This morning when I woke up I was focused on writing my recap of last night's Orlando Pride match. As I nearly got finished with the article I began seeing items pop up on my twitter feed and facebook timeline related to the tragedy that took place at the Pulse nightclub in Orlando.
I briefly made a statement on facebook about feeling hit particularly close to home because of friends of mine that are in The Crown, which is the Pride's recognized supporter group. I was a little surprised to learn of the relatively high number of people in the LBGT community that are fans of women's soccer. And with a match last night, I was just out at a local sports bar with a bunch of other fans, many of them gay dudes and lesbians, and I realized that some of those same people who had been at the watch party may have been at that club later on in the night.
I'm not sure what I can say that others can't say more eloquently or more passionately, and I think it's important in times like this to do more than talk. Sure, people may be angry and grief-stricken and outraged, and that's fine. And today there's way too much political nonsense on social media on all sides of many issues in the wake of this tragedy. The day after such a tragedy is exactly the WRONG time to be political. The time to be political is when emotions are not high and when logic and prudent thought and reasoned arguments can lead the day, not when people are feeling threatened, either in terms of their safety or the safety of their rights.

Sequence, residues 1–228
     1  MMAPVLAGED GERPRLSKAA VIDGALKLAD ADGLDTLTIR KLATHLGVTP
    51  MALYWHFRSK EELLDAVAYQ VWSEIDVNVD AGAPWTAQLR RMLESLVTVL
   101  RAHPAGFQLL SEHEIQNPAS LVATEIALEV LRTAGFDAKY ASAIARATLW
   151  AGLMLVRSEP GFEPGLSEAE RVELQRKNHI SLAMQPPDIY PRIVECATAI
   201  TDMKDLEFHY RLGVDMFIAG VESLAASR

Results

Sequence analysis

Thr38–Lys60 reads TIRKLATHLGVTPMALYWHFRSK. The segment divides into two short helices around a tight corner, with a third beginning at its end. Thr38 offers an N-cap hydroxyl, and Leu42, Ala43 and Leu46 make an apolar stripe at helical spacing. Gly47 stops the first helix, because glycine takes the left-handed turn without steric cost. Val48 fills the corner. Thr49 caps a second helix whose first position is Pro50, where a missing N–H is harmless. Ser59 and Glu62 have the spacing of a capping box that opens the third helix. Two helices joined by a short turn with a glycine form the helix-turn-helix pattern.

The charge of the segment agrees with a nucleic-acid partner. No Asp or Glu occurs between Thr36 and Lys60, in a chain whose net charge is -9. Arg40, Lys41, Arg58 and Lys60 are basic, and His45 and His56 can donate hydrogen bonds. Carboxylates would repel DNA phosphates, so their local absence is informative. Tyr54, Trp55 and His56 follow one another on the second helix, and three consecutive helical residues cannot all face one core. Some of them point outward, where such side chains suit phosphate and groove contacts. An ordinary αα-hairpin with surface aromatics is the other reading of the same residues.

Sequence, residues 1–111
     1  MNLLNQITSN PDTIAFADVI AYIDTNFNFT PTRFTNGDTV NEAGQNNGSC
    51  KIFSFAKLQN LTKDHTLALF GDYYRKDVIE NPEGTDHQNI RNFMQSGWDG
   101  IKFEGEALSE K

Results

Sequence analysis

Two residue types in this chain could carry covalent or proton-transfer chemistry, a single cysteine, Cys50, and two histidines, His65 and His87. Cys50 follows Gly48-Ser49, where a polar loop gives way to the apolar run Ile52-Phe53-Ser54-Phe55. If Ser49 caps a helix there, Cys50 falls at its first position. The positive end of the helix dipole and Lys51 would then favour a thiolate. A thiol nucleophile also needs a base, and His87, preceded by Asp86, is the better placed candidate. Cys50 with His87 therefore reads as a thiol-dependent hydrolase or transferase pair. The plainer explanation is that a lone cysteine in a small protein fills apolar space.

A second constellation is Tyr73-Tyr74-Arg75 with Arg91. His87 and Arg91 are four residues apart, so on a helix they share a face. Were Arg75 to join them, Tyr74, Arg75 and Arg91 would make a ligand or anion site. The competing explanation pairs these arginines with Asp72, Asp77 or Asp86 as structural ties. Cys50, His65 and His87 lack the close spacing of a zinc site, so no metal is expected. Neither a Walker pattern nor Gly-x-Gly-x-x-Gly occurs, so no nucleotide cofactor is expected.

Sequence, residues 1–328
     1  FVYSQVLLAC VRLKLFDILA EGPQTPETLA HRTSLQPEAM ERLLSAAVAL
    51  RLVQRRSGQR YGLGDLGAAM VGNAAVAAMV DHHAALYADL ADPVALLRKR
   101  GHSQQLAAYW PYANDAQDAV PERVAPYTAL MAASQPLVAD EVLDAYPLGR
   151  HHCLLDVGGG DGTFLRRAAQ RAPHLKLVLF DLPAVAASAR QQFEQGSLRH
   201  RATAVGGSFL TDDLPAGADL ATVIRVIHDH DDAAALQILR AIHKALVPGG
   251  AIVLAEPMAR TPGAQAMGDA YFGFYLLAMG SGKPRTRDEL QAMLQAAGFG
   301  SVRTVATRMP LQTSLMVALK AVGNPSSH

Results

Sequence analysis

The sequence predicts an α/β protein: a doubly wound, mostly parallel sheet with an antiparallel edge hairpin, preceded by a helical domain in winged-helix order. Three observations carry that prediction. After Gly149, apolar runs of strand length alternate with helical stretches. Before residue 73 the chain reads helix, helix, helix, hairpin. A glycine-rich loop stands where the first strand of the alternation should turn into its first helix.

But the appropriate things for today are to take action. If you are able to donate blood, go donate blood. Every news outlet and many outlets on social media have links to where donors can go to give blood. And if you are not able to give blood for some reason, then do something for those that are donating. I left home a little early today for a planned event in order to drop by a blood donation center and hand out a case of bottled water I bought at the supermarket. It's not much, but it's a way to stand with those who are giving blood and thus are standing with the victims.
Hug your kids. Tell a friend you care. Remember that no matter what differences of lifestyle, religion, nationality, skin color, or language you have with a person, the fact that you share human DNA means you have a whole lot more in common than you have differences, and that's reason enough to want to wish them well and not wish them harm.
That's all, friends. Be good. Stay safe.